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Title: Blogs in American politics: from Lott to Lieberman
Authors: Campbell, Vincent Patrick
First Published: 2009
Publisher: Emerald Group Publishing Limited
Citation: Aslib Proceedings, 2009, 61 (2), pp. 139-154
Abstract: Purpose – The purpose of this paper is to examine the rhetoric and reality of the impact of political blogs in the specific context of American politics, where online, mainstream media and academic accounts suggest blogs have had significant impacts on political communication. Design/methodology/approach – This paper examines three high profile events in which blogging has been implicated as particularly influential, and re-evaluates them in the context of established political science approaches. These events are the resignation of Trent Lott in 2002; Howard Dean's presidential campaign of 2003-2004; and the Connecticut primary challenge to Joe Lieberman in the 2006 Senate mid-term elections. Findings – Re-evaluating these cases in the context of established theories of American politics suggests that the perception of blogs as a progressive new force, that can be decisive in a politician's success or failure, is an over-optimistic and over-simplified interpretation of the nature and consequences of this new form of political communication. Originality/value – This paper provides a much needed first step in integrating the rhetoric of commentary on blogs in American politics with established political science, allowing for a more balanced and contextual consideration of the political roles of blogs than that provided by the blogosphere and its proponents to date.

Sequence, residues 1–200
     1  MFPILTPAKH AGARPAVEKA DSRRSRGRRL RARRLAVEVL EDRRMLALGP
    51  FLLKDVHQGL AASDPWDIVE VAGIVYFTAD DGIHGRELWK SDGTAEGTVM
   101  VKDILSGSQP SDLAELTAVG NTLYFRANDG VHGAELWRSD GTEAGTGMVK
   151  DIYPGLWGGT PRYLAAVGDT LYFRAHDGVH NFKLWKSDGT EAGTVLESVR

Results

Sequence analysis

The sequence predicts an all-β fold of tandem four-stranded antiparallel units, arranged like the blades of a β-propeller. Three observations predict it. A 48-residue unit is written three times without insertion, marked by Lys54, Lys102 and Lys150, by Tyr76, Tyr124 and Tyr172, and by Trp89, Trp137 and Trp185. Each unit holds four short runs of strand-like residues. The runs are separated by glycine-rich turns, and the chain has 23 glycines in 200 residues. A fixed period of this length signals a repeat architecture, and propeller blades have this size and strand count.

DOI Link: 10.1108/00012530910946893
ISSN: 0001-253X
Version: Post-print
Status: Peer-reviewed
Type: Journal Article
Rights: © 2009, Emerald Group Publishing Limited. Deposited with reference to the publisher’s archiving policy available on the SHERPA/RoMEO website.
This article is © Emerald Group Publishing and permission has been granted for this version to appear here ( Emerald does not grant permission for this article to be further copied/distributed or hosted elsewhere without the express permission from Emerald Group Publishing Limited.
Appears in Collections:Published Articles, Dept. of Media and Communication

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